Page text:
And even the leafless walnuts were full of alien life, for in their hollow boles chippering starlings made furtive nests, and in their topmost forks jackdaws worked with clamorous zeal. A pale butterfly here and there accomplished its early day, and queen wasps awakened from their winter slumber in cosy crevices, the tiniest winter-palaces in the world, sped like golden arrow tips to and from the homes they had to build alone for the swarms that were to come. The flower beds shone gay with tulips and hyacinths; in the long grass beyond the lawn and under the trees danced a thousand daffodils; and by their side warmly wrapped up in furs lay Doria on a long cane chair.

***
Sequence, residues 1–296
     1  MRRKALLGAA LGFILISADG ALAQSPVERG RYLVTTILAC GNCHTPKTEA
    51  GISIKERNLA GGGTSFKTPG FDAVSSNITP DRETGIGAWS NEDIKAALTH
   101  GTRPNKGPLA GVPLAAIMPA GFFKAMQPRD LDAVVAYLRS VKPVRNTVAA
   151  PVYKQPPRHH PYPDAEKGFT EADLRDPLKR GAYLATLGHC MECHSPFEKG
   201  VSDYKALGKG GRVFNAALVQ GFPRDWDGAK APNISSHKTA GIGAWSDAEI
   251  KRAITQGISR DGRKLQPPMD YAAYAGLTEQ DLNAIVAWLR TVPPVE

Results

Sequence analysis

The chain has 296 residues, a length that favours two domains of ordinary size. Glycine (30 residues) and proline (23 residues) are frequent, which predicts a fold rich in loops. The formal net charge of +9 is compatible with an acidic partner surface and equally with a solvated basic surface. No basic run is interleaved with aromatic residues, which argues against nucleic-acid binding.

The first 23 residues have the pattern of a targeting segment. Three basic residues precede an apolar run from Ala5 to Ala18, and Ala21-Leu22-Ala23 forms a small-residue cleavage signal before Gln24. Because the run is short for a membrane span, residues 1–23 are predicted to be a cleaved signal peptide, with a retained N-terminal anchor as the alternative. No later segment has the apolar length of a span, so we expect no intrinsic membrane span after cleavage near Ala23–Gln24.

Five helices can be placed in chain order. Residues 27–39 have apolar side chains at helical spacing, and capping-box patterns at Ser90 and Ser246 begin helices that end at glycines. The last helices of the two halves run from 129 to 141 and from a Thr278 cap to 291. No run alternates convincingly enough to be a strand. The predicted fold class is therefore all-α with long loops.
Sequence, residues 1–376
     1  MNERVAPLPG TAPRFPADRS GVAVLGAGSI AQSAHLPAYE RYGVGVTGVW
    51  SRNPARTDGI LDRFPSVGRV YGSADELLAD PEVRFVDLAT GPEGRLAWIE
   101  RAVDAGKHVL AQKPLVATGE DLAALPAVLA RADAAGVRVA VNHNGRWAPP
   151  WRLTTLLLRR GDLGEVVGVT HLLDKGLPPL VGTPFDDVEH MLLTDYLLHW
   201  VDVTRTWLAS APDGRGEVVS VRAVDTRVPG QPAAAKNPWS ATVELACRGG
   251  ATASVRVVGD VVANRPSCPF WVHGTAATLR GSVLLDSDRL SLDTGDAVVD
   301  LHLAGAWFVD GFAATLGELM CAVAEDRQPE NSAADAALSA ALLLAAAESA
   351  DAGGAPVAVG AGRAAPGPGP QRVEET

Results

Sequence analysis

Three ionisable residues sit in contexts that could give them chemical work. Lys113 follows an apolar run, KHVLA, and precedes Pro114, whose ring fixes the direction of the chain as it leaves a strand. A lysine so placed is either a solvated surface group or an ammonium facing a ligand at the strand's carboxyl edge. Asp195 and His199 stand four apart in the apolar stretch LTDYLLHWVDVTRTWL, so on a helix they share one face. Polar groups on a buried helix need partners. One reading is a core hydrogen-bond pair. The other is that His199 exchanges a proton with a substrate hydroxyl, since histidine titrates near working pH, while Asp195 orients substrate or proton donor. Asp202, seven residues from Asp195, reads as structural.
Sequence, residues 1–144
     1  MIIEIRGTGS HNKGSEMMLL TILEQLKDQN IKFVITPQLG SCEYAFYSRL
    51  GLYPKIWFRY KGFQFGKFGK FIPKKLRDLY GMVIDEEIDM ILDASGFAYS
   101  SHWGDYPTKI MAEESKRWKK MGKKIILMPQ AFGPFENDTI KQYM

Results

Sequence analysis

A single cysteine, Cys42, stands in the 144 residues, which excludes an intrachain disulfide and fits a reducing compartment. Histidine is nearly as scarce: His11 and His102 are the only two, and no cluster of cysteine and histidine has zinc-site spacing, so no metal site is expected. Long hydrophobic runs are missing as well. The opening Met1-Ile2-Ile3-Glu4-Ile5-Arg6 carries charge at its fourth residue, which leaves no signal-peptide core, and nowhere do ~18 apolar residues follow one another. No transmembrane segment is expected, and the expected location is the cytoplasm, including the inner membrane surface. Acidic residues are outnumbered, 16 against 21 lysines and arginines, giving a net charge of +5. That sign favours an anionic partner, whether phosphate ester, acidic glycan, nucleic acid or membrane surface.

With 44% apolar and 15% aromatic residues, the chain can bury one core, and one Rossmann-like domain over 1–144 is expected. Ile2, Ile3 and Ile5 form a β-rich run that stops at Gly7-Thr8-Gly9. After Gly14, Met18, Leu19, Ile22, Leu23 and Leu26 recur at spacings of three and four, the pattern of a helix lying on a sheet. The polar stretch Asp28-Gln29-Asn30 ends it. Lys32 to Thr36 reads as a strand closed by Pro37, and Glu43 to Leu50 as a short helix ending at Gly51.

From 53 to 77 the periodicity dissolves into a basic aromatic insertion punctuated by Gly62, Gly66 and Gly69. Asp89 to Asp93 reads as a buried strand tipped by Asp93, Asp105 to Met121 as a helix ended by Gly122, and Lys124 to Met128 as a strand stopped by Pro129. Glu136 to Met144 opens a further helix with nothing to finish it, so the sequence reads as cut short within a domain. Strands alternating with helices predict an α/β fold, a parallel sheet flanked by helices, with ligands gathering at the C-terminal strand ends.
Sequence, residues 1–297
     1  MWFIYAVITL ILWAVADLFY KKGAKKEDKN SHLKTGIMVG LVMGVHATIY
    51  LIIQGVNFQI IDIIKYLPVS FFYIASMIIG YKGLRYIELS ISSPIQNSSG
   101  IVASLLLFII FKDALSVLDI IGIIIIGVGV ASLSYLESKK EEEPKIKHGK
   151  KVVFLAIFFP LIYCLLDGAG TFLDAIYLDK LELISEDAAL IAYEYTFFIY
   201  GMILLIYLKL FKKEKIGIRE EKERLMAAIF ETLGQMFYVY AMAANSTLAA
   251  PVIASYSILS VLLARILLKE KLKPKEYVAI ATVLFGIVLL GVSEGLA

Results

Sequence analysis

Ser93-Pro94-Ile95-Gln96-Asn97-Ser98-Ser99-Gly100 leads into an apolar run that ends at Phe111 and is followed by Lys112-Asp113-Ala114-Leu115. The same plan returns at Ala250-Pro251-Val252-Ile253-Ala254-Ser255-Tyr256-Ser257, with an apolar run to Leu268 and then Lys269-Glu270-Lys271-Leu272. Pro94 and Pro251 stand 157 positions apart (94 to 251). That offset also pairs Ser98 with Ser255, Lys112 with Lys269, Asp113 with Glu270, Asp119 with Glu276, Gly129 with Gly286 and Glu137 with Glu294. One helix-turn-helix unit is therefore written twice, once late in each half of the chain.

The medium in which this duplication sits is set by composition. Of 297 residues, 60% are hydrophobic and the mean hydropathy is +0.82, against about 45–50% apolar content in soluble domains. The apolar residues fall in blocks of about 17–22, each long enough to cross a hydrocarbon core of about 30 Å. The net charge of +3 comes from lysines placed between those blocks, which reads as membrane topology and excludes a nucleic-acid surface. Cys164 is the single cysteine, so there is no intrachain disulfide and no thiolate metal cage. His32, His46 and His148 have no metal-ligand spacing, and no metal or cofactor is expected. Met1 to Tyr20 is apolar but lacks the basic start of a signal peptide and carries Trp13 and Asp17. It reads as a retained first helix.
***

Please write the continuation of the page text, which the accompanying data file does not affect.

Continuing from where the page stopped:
She could not literally dance with the daffodils as I had prophesied, for her full strength had not yet returned, but there she was among them, and she smiled at them sympathetically as though they were dancing in her honour. She was, however, restored to health; the great circles beneath her eyes had disappeared and a tinge of colour shewed beneath her ivory cheek. Beside her, in the first sunbonnet of the year, sat Susan, a prim monkey of nine. . . . Lord! It scarcely seemed two years since Jaffery came from Albania and tossed the seven year old up in his arms and was struck all of a heap by Doria at their first meeting. So thought I, looking from my study-table at the pretty picture some thirty yards, away. And once again—pleasant self repetition of history—Jaffery was expected. Doria, fresh from Nice, had spent a night at her father’s house and had come down to us the evening before to complete her convalescence. She had wanted to go straight to the flat in St. John’s Wood and begin her life anew with Adrian’s beloved ghost, and she had issued orders to servants to have everything in readiness for her arrival, but Barbara had intervened and so had Mr. Jornicroft, a man of limited sympathies and brutal common sense. All of us, including Jaffery, who seemed to regard advice to Doria as a presumption only equalled by that of a pilgrim on his road to Mecca giving hints to Allah as to the way to run the universe, had urged her to give up the abode of tragic memories and find a haven of quietude elsewhere. But she had indignantly refused. The home of her wondrous married life was the home of her widowhood. If she gave it up, how could she live in peace with the consciousness ever in her brain that the Holy of Holies in which Adrian had worked and died was being profaned by vulgar tread? Our suggestions were callous, monstrous, everything that could arise from earth-bound non-percipience of sacred things. We could only prevail upon her to postpone her return to the flat until such time as she was physically strong enough to grapple with changed conditions.